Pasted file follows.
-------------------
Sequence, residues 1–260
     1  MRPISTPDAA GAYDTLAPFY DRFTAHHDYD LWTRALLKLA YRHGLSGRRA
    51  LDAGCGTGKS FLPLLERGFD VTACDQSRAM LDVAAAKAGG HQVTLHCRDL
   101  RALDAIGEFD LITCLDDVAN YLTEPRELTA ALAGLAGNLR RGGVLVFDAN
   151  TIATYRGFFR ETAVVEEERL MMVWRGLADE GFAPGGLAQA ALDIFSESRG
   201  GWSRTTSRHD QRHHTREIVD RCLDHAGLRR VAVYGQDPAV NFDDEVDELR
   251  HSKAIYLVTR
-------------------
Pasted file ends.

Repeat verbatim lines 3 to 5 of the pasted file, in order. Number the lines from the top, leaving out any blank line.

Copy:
    51  LDAGCGTGKS FLPLLERGFD VTACDQSRAM LDVAAAKAGG HQVTLHCRDL
   101  RALDAIGEFD LITCLDDVAN YLTEPRELTA ALAGLAGNLR RGGVLVFDAN
   151  TIATYRGFFR ETAVVEEERL MMVWRGLADE GFAPGGLAQA ALDIFSESRG